“What is that script about?”
A logline is a one-sentence plot summary; it is also known as a written pitch. The first step in writing a logline is to ask yourself: “What is my script about?” and then answer the question.
A logline is not a tagline, as seen in a movie trailer or movie advertisement, such as in this example:
BAD LOGLINE EXAMPLE #1
Will Jenny overcome her demons before it’s too late?
WHY IT’S BAD
• It sounds like a movie trailer.
• It doesn’t tell us what the story is about or what the major conflict is.
• The phrase “too late” doesn’t tell us what’s at stake in your story.
• It includes the character’s name, which loglines should not.
• Jenny could be a child, a teen or an adult.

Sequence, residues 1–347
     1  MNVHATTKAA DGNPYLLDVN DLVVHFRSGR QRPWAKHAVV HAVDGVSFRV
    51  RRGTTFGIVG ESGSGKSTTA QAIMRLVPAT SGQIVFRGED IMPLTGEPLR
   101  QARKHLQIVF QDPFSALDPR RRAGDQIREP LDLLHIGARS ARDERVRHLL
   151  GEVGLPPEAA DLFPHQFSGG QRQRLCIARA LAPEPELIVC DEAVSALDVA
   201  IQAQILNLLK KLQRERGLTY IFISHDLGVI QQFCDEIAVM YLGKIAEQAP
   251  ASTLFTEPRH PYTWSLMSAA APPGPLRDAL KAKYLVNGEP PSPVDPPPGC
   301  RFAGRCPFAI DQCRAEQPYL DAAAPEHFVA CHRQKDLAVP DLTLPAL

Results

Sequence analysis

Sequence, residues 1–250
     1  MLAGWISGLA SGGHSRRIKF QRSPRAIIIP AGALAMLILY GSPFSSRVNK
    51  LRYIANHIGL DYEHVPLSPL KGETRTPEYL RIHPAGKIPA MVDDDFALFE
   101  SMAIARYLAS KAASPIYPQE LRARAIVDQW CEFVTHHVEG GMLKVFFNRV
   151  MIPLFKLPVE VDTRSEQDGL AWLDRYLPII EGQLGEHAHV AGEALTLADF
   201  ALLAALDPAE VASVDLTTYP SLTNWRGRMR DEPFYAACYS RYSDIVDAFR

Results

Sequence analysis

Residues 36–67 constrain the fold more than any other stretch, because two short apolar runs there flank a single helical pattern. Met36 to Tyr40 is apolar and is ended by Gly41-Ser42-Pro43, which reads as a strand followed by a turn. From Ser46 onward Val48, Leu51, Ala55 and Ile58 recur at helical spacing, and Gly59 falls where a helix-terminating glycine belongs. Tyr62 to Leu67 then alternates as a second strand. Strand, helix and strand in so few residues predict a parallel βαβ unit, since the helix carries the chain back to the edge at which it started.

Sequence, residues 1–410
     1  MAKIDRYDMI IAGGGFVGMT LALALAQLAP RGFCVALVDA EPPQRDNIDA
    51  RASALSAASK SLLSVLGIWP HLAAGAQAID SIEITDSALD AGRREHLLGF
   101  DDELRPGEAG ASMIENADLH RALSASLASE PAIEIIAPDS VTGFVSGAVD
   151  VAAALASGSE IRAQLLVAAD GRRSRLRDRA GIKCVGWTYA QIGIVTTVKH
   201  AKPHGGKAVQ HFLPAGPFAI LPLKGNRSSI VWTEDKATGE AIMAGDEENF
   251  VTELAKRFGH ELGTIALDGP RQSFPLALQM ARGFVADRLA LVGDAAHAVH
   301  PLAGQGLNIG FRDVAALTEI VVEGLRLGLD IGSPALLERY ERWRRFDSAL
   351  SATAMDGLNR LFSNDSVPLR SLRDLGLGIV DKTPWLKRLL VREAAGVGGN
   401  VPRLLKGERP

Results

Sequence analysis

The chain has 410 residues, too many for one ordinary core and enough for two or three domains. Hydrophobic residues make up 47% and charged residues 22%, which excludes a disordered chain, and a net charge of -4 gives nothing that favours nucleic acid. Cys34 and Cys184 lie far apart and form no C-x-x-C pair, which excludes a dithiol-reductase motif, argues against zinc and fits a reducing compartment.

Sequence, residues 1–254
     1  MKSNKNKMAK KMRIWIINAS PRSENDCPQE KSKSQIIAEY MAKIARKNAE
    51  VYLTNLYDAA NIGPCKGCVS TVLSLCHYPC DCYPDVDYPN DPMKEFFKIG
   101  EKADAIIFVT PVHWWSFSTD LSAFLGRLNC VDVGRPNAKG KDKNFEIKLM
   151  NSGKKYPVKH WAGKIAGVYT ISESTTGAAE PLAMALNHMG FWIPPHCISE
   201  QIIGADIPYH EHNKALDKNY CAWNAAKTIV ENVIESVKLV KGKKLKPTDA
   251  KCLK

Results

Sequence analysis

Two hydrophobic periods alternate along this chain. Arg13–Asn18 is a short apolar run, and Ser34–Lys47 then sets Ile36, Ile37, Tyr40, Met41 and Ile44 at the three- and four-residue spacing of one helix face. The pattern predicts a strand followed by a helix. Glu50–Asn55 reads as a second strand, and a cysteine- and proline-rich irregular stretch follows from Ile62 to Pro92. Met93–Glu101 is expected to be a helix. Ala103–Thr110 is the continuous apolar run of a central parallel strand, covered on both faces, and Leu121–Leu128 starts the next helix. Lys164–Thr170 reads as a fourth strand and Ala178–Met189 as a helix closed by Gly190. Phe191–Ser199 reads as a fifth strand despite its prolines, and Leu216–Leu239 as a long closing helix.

• It doesn’t tell us who Jenny really is.
Loglines must clearly and succinctly convey what the core of your story is about, using your story arc as your guide.
BAD LOGLINE EXAMPLE #2
It’s a story about a teacher who learned life lessons as she discovered the meaning of life.
WHY IT’S BAD
• It’s written in the past tense.
• “It’s a story about” is too wordy and unnecessary.
• We don’t know what type of teacher or person she is.
• “Learns life lessons” and “discovering the meaning of life” identifies the themes of the story, and it repeats the word ‘life.” (A logline must not include the theme of your script; it should be evident.)
• It doesn’t tell us what the story is about or what major obstacle she must overcome.
TOP TEN LOGLINE TIPS
- Describe your story and setting, your protagonist, and his or her major goal and conflict/obstacle.
- Use present tense.
- Every word must do double duty. Less is more.
- Indicate how your characters are distinct by using strong adjectives to describe them.
- Show the reader how your story is different and unique, and what sets it apart.
To read more: http://www.screenwritersutopia.com/article/a4d71de0